As we enter the final quarter of 2021, Ethereum and Polygon are leading Web 3.0. While Ethereum is undoubtedly the leader, Polygon completes this new digital era by facilitating NFT trading with its reduced gas fees.
Ethereum leads the way
Although it’s facing more competitors than ever, Ethereum remains the go-to project for most developers on the NFT market, as well as DeFi.
In fact, it’s the second-largest cryptocurrency, with most blockchain games and exchanges present here. What’s more, Ethereum falls 7th in the top 10 of decentralized apps deployed in the ecosystem right now.
For the time being, all of the Web 3.0 users are eagerly waiting for the Ethereum 2.0 upgrade – and for good reason.
The upgrade involves switching to Proof-of-Stake, which will eliminate the carbon footprint most platforms are trying to avoid. It will also speed up the entire network, thanks to the 64-shard block split (known as ‘sharding’).
However, its downsides have become more obvious than ever. The biggest complaints involve gas fees, which have increased insanely in recent months. Therefore, many users have turned to Polygon, also known as the Layer 2 solution.
The Polygon Sidechain innovation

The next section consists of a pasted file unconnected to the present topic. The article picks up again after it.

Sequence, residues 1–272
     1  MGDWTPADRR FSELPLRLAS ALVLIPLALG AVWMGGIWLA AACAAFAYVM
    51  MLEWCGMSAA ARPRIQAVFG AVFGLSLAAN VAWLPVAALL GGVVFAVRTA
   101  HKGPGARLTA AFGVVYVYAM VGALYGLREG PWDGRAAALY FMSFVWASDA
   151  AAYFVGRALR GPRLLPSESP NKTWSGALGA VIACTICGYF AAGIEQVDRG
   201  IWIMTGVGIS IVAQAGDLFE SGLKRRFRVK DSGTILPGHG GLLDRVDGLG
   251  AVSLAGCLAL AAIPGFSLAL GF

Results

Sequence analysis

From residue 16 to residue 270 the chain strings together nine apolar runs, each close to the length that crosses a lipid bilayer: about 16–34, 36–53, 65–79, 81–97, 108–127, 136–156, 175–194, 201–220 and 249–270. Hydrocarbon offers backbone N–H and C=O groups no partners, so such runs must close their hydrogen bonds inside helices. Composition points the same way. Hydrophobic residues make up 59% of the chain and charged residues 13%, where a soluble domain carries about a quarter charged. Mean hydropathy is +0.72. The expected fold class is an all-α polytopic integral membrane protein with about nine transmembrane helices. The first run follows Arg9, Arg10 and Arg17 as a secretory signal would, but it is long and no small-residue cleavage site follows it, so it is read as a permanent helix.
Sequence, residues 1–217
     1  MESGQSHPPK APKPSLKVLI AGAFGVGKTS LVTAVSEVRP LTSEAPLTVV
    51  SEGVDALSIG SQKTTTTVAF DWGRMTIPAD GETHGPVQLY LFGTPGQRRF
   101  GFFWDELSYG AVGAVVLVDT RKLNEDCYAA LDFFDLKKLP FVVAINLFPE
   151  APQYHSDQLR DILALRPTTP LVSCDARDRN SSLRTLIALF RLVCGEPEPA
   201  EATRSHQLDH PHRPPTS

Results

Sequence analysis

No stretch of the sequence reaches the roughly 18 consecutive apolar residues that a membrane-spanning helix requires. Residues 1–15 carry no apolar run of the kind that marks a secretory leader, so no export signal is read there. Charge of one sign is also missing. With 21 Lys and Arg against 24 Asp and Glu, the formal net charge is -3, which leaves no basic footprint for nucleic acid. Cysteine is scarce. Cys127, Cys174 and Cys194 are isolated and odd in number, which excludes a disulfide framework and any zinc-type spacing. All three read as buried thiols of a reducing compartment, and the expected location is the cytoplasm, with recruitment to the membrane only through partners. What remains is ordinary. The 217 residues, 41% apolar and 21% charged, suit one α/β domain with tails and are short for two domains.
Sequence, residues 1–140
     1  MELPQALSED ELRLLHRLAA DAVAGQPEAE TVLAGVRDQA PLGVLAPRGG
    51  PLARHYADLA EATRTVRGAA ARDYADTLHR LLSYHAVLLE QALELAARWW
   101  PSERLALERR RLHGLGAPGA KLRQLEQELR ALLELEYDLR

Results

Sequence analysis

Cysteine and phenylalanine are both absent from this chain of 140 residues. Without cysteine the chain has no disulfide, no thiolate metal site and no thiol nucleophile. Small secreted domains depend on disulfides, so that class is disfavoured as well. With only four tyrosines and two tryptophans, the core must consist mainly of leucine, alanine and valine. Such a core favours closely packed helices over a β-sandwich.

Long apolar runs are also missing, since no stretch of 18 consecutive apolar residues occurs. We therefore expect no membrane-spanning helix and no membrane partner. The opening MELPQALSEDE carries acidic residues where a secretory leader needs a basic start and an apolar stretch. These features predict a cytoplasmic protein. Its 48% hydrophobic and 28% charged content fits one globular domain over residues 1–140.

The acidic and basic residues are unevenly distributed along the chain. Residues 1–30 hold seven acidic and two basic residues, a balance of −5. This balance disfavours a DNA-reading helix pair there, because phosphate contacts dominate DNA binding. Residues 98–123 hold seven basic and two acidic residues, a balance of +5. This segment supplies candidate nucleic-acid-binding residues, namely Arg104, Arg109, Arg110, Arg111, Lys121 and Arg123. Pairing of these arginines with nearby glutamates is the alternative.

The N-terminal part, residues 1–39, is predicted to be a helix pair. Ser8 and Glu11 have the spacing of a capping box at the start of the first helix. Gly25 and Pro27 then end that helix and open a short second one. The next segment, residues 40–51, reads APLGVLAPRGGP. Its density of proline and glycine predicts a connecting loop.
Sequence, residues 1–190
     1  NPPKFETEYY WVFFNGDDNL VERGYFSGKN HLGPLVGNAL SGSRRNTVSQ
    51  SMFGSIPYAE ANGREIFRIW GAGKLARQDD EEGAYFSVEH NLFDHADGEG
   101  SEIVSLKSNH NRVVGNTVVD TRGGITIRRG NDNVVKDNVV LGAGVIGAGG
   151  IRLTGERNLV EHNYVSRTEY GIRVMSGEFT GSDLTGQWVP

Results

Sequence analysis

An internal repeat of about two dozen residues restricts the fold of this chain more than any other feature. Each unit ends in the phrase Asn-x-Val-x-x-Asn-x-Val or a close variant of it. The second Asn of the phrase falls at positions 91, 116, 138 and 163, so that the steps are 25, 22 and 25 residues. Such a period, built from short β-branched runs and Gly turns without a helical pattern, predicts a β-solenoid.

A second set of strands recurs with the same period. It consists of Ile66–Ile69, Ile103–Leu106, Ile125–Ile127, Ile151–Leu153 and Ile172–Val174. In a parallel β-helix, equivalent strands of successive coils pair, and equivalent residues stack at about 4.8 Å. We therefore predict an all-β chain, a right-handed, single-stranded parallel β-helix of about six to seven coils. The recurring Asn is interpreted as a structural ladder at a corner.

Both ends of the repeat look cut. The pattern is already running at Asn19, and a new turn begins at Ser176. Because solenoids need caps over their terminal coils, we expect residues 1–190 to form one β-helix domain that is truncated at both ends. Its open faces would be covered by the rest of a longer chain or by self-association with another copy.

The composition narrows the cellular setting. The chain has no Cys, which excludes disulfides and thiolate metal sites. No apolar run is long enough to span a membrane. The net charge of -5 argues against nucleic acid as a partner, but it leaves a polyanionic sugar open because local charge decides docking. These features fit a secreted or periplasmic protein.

When someone says “Layer 2 Solution,” everybody knows it’s Polygon. The Ethereum alternative has exploded in popularity this year, due to its (significantly) reduced gas fees and quick transactions. In fact, the blockchain even outperformed Ethereum in its number of active users this month, confirming its efficiency.
Now, plenty of NFT content creators are opting for Polygon to launch their collectibles. Nevertheless, Ethereum NFTs are still more ‘valuable’ as the blockchain is a pioneer on the market. The most expensive NFTs to date are also stored on Ethereum, although Polygon might catch up quickly.
However, the two blockchains are strongly interconnected. In fact, Polygon and Ethereum are sharing the load caused by the NFT craze this year. As Ethereum is expanding, so is Polygon, since many of its transactions are still settled on Ethereum.
What about other blockchains?
Polygon’s Ethereum compatibility proves its interest in growing the layer-1 solution – but not all blockchains want the same.
For example, Algorand is a relatively new ecosystem with features similar to Polygon. Notably, though, it’s not Ethereum-compatible, which is probably the main reason why it has significantly fewer transactions than Polygon.
Flow is another alternative to Polygon, but it comes with a major minus. In order to use the platform, users must learn a complicated contract language, called Cadence. By comparison, Polygon only requires switching the RPC to its mainnet.
At the time of writing, Polygon has 600 times more NFT and gaming dapps than other chains (excepting Ethereum). With NFT giants like The Sandbox or Decentraland joining Polygon, the sky is the limit for this successful Sidechain.